Meta Shares Slide On Bleak Q3 Report; Facebook Daily User Base Inches Up 3% But Earnings Fail To Clear Wall Street Bar

c-title pmc-u-font-size-20 pmc-u-font-size-38@tablet pmc-u-font-size-46@desktop-xl u-text-align-center@mobile-max u-letter-spacing-0025 pmc-u-line-height-normal u-line-height-45@tablet pmc-u-padding-t-1 pmc-u-padding-t-050@mobile-max”>Meta Shares Slide On Bleak Q3 Report; Facebook Daily User Base Inches Up 3% But Earnings Fail To Clear Wall Street Bar

By Dade Hayes

Dade Hayes

Business Editor


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October 26, 2022 1:22pm

Meta revenue for the third quarter fell short of Wall Street estimates
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Meta Platforms shares lost ground in after-hours trading Wednesday as investors reacted to a mixed third-quarter earnings report.

The tech giant formerly known as Facebook delivered slightly better-than-expected revenue of $27.7 billion, but it slipped 4% from the year-ago quarter, reflecting a broad pullback by digital advertisers. Wall Street analysts had expected $27.4 billion in revenue.

Earnings per share of $1.64 fell well short of the consensus forecast for $1.90. Facebook delivered something of a bright spot, posting a 3% uptick in daily active users, reaching 1.98 billion in September.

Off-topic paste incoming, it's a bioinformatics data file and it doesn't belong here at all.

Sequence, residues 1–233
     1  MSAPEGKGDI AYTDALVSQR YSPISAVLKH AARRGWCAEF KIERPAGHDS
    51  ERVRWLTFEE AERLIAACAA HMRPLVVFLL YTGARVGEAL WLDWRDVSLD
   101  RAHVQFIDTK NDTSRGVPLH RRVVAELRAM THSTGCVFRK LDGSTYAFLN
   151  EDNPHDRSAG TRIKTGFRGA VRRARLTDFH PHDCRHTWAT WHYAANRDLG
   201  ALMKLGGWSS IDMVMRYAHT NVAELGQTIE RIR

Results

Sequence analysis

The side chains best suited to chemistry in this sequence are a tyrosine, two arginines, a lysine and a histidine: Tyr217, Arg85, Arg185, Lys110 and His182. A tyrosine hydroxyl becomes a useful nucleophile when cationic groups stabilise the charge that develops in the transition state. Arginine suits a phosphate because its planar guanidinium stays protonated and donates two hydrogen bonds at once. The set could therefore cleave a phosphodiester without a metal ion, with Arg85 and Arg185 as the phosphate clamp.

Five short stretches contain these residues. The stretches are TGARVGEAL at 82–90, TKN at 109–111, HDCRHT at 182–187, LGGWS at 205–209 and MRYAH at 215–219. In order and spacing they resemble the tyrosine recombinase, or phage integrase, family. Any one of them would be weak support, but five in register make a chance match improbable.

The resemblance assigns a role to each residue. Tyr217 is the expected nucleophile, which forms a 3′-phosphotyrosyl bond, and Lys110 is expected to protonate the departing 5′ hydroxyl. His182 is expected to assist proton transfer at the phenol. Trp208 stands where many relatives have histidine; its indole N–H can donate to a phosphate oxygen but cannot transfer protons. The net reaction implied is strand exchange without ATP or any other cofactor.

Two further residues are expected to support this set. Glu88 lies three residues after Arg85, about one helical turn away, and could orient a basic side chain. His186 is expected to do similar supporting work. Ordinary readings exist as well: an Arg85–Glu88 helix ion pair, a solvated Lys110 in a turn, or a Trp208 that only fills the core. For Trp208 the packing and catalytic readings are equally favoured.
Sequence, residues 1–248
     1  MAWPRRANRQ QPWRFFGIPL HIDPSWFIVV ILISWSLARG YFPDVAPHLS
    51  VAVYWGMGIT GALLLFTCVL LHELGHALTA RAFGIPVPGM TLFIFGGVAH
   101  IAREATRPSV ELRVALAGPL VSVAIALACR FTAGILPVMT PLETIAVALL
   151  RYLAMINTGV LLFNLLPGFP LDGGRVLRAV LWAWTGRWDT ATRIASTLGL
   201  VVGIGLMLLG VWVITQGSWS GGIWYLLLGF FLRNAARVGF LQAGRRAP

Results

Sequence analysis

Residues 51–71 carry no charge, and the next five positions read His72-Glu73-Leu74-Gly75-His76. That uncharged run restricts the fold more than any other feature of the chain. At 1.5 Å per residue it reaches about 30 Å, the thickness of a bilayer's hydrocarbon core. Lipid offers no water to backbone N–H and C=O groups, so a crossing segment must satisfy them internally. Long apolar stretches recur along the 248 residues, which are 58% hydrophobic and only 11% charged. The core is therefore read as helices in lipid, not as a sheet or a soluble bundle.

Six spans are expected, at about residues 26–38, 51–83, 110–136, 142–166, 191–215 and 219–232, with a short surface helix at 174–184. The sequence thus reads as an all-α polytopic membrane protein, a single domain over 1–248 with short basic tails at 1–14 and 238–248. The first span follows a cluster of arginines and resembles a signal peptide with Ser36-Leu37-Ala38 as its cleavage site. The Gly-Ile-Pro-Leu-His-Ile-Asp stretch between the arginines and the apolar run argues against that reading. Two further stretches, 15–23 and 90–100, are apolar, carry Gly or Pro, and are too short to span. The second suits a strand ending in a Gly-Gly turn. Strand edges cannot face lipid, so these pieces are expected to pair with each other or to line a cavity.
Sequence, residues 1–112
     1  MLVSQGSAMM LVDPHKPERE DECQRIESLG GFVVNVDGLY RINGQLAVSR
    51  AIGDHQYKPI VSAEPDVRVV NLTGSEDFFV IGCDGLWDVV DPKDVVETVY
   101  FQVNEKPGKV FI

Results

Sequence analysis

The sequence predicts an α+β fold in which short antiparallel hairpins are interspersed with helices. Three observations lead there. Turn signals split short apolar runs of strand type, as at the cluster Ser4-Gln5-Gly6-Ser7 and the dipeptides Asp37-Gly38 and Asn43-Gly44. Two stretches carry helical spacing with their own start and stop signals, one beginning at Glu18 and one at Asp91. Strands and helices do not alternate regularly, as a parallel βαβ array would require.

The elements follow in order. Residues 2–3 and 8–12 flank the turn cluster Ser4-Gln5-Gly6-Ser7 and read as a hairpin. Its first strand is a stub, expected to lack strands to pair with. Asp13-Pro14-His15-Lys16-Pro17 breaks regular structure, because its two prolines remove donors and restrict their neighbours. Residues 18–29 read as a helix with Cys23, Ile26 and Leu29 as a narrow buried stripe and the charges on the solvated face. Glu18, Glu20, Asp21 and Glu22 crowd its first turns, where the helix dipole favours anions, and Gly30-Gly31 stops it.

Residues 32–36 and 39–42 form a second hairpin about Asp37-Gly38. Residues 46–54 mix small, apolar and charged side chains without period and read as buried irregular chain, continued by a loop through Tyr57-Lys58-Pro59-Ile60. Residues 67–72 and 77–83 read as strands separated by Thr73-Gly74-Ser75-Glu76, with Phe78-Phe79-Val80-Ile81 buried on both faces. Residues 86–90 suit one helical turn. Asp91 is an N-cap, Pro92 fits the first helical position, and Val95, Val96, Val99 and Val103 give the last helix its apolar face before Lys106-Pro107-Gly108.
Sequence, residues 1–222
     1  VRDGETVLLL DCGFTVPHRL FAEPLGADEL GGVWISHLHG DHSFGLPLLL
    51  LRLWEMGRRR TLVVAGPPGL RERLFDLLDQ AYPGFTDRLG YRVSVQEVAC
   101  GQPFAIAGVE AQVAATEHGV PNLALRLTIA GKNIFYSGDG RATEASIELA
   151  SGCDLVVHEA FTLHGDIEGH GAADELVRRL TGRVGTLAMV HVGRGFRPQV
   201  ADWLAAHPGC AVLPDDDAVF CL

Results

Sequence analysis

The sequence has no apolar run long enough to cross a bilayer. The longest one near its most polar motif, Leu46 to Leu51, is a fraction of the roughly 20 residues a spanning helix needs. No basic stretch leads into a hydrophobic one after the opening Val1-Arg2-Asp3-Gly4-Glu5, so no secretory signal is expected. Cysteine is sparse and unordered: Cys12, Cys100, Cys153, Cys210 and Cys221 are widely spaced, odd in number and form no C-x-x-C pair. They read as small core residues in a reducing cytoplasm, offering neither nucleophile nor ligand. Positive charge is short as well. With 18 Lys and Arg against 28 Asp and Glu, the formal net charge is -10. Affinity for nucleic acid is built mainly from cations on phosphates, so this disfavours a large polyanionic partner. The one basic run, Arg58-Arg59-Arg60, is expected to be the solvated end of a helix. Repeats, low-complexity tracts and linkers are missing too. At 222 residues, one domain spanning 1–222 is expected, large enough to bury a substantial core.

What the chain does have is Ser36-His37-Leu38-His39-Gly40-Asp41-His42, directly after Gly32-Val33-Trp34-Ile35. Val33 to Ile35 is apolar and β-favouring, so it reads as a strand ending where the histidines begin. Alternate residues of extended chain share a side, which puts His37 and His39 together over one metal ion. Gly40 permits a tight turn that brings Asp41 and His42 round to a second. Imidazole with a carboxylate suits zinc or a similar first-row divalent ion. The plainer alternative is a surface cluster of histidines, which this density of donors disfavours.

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Meta shares tumbled 15% on the numbers after closing the regular session at $129.82, down almost 6%. The stock has dropped more than 60% in 2022 to date, one of the worst performances among a battered set of tech peers whipsawed by worsening economic conditions, fluctuating foreign currency exchange rates and other factors. Meta has specifically cited changes implemented by Apple as a drag on its business, something not experienced by all tech players.

The expensive pivot away from its legacy social media platforms Facebook, Instagram and WhatsApp and into the universe has drawn increasing scrutiny among investors. Founder and CEO Mark Zuckerberg is expected to address those concerns and detail the company’s efforts in pulling off the transition during a conference call with analysts.

In its earnings release, Meta said it expects fourth-quarter revenue in the range of $30 billion to $32.5 billion, which is below the current consensus among analysts.

“We are making significant changes across the board to operate more efficiently,” the company said in the release. “We are holding some teams flat in terms of headcount, shrinking others and investing headcount growth only in our highest priorities.” Overall head count is due to stay flat in the fourth quarter compared with third-quarter levels.

Operating losses at Reality Labs, the company’s division dedicated to metaverse exploration, will “grow significantly” in 2023 compared with this year, the release warned. Nevertheless, it added, “we expect to pace Reality Labs investments such that we can achieve our goal of growing overall company operating income in the long run.” Division revenue in the third quarter sagged to $285 million from $452 million in the previous quarter, below analysts’ forecast for $406 million.

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